When Microsoft CEO Satya Nadella was interviewing for his first job at Microsoft, the last question he was asked was curveball.
It went something like this: “A young child falls in the street in front of you and is crying. What do you do?”
Nadella said his answer was that he would call 911. He was told later by a Microsoft manager that it wasn’t the correct answer. He should have said he would try and comfort the boy.
The lesson, Nadella, explained during a visit to the University of Texas, was about the importance of empathy in business.
“The source of innovation is empathy,” Nadella told the UT audience. Empathy allows you to truly understand your customers and how to help them, he explained, and it’s not something you either have or don’t -- you can grow your capacity to empathize, he said.
Nadella is using his visit to Austin to promote his new book, called “Hit Refresh,” and meet with local business leaders and tech startups.
Like Apple CEO Tim Cook and President Barack Obama before him, Nadella also made a stop by Capital Factory, where he spoke to a rapt audience about topics ranging from Microsoft’s HoloLens virtual and augmented reality platform to quantum computing.
“Your energy is what will help not only our industry, but our economy, forward,” Nadella told the standing-room-only crowd.
Nadella: The tech sector needs to broaden beyond Silicon Valley. "It's great to see Austin thrive."— Lilly Rockwell (@LillyRockwell) November 13, 2017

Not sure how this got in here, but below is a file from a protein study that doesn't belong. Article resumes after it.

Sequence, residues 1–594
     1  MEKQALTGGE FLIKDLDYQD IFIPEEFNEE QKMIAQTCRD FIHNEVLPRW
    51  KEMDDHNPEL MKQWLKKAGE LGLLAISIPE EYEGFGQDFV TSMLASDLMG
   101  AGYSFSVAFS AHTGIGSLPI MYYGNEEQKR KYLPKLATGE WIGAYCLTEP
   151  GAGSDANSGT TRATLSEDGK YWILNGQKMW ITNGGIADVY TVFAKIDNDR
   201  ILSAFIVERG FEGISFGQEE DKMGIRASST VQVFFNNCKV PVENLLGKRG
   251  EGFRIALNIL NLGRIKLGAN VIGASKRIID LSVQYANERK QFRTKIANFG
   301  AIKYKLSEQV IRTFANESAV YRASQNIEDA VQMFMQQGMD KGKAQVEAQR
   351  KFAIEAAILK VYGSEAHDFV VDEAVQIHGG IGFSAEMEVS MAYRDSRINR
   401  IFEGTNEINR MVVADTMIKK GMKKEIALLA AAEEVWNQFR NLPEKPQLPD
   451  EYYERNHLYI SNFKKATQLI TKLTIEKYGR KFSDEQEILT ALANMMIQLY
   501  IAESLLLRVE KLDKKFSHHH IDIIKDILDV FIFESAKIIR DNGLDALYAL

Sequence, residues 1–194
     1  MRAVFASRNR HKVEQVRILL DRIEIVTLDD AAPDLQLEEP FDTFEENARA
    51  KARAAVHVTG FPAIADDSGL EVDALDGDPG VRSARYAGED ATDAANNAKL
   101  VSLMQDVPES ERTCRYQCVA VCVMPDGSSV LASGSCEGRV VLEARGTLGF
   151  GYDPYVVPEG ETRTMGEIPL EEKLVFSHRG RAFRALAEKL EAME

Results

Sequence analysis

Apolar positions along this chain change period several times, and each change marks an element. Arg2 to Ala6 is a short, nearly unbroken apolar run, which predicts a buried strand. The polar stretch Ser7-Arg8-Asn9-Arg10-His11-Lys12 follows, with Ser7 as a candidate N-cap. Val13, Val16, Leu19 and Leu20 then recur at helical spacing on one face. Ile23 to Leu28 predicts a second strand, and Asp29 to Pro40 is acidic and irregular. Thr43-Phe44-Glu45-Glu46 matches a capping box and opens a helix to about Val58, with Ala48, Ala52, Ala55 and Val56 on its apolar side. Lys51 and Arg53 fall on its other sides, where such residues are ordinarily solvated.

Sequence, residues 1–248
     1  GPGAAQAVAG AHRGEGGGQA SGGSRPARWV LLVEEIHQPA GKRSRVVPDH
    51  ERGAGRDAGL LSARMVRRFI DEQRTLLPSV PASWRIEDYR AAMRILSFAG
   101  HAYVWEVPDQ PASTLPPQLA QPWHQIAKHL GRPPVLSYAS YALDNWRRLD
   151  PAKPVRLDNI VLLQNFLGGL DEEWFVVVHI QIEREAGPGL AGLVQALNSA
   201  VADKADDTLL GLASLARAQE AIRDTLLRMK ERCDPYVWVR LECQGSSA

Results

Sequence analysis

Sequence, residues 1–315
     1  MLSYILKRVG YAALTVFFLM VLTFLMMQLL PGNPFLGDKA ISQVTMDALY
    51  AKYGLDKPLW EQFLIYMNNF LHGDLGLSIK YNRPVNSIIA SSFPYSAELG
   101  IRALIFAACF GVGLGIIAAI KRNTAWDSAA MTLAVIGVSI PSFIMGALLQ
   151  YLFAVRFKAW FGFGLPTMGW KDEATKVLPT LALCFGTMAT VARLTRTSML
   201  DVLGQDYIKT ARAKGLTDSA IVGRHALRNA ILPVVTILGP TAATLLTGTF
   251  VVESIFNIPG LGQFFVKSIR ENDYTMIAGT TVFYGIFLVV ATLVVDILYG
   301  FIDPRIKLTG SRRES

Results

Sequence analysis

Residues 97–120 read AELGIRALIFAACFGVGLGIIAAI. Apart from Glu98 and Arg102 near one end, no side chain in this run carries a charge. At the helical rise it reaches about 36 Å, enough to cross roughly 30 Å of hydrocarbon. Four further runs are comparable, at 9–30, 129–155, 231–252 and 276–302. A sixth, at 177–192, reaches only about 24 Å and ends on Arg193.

Now it's time for audience Q&A. First question has to do with education. Nadella says CS curriculum "has to be re-jiggered" to get girls interested in tech.— Lilly Rockwell (@LillyRockwell) November 13, 2017
He also discussed using Microsoft 365 products in education, who is free for educators.
Of course, a lot of the tech startup founders in the room wanted to know more about Microsoft’s acquisition strategy.
Nadella said Microsoft’s approach to acquisitions is that it’s all about who the founders are. “To me what is super important is having any founder who comes into Microsoft is that they help shape our company,” he said, adding that “we welcome any and all pitches.”
He also mentioned that he’s encouraged by the amount of startup activity outside of Silicon Valley. “It’s great to see Austin thrive.”
Nadella’s talk at Capital Factory was cut short because he was late arriving. Earlier he had spent time with three Austin-based startups, and mentioned that in the morning he met with Dell Technologies CEO Michael Dell.
His Capital Factory talk stayed on broad themes, though he did touch briefly on the value that technology can play in education. He has children with special needs, he said, and is hopeful that technology breakthroughs can create more personalized learning experiences.
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